Drones Finally Approved For Lightning Checks, Dent Measurement Next

The pandemic hit AFI-KLM E&M’s drone inspection program hard for several reasons.
Credit: AFI KLM E&M

Ever since smaller drones started flying, their potential for important aircraft inspections has been foreseen. But years of testing and trials, interrupted by the COVID crisis, have delayed the regulatory approval necessary for drones to replace mechanics at these important jobs. 

Now Airbus has qualified Donecle drones in its Aircraft Maintenance Manual for lightning inspections on A320-family aircraft, according to Donecle CEO Matthieu Claybrough. That means acceptance by EASA and FAA and should mean clearance of regulatory hurdles globally.

“We are helping set up three operators now to start this summer in a few weeks for the first AMM inspection,” Claybrough says. “It’s been a three-year wait for us.” His company is also in discussions with Boeing about similar qualification.

Donecle is partnering with 8Tree, which makes 3D surface inspection systems, to detect and measure airframe dents, and Clayborough expects to make a more detailed announcement of this venture at MRO Europe in October.

“It’s a significant and complementary step. Detecting and mapping dents is now a long and cumbersome process. This system will be 50 times faster.” The Donecle CEO predicts qualifying the partners’ dent tools will be easier and faster than the lightning approval.

Donecle’s progress is important because it is already widely used, by carriers like Air France, LATAM and Austrian, and MROs like AAR. Donecle drones have also been used to inspect France’s fleet of Dassault Rafales, where they help avoid damage to special aircraft coatings by mechanics.

And they have been used by paint shops, where the drones assess paint quality and gloss and ensure no ‘rivet rash’ is present. The devices have also been widely used by airlines for tasks that do not require regulatory approval, like surveying the state of liveries to schedule repaints and checking placards for proper positioning.

Progress with regulators will be welcome news for many Donecle customers. 

For example, the pandemic hit AFI-KLM E&M’s drone inspection program hard for several reasons, according to Innovation Manager Jean-Philippe Loredon. He cites “the low activity of our mother airlines, Air France and KLM, and the numerous aircraft storage and retrieval operations in line with the travel program.”

Nevertheless, the MRO will adapt and maintain its drone-inspection program over the coming months. AFI-KLM E&M’s subsidiary Barfield recently signed agreements with two drone providers, one with Donecle to inspect aircraft and another with AERACCESS, for security surveillance. 

The parent MRO has been using Donecle drones chiefly to inspect regulatory markings. Loredon says 30 mechanics have been trained to use drones for this task.

For the future, AFI-KLM E&M plans more ambitious drone use, including automating paint inspections to optimize repaints, automating lighting strike inspections and even automating engine inspections, for example assembly checks before and after shop visits.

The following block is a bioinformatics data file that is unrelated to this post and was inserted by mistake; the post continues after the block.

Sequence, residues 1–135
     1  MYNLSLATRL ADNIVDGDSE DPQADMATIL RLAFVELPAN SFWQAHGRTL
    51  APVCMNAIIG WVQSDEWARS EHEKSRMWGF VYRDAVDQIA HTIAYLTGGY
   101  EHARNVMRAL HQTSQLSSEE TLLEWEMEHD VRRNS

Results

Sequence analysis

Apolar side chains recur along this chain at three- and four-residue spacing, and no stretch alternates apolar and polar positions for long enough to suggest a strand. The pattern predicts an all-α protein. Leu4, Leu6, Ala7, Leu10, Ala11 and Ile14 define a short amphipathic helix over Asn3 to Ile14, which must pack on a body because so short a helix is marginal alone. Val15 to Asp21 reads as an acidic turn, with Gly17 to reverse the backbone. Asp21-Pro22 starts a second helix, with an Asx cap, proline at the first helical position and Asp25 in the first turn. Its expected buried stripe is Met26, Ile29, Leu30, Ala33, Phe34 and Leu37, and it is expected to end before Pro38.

“For the Air France fleet, we mainly work with Donecle,” Loredon notes. “But we are also in contact with other providers for sales and support in the Americas or testing innovative solutions such as engine assembly checks.”

The MRO manager ticks off the benefits he expects from drones: reducing risks of work at height; optimizing use of hangars, reducing or eliminating low value-added tasks, generating reliable and repeatable data; and improving turnaround times.

But Airbus approval of drones does not yet mean clearance for inspections of other aircraft.

For example, Regional Jet Center is a smaller MRO that repairs Embraers at Amsterdam-Schiphol and has also been active with drones, using them for both lightning and marking inspections.

“The pandemic actually gave the project a boost because we had many aircraft in the hangar and could test and collect data as much as possible,” says business innovation manager Remon Sweers.

On the other hand, because the pandemic reduced flights, RJC shifted its focus away from lightning inspections to inspections for the availability and readability of markings and placards.

Moreover, since drone lightning inspections of Embraers have not been approved by regulators, final lightning checks must still be done by mechanics. Sweers says the authorities understand the drone approach. “For them, it is a matter of gaining more proof and confirmation before they will fully release this way of working.”

The RJC manager emphasizes that the drone itself is only the first step. “The drone, together with machine learning software makes the real benefit, and that’s where our focus is on now.” Drone-plus- software inspections will be quicker and more reliable. “We already have seen the software is working, and it is just a matter of providing more data in order to develop.”

Sweers looks at the drone software as basically a new employee who has to learn a certain job. “Our tests so far show the software is already more reliable than the human inspector.” He is looking forward to using drones and these well-taught ‘employees’ in other areas, such as damage and periodic inspections.

Time savings should be significant. RJC’s average lightning inspection decrease from eight hours to 1.3 hours when drones take over the task.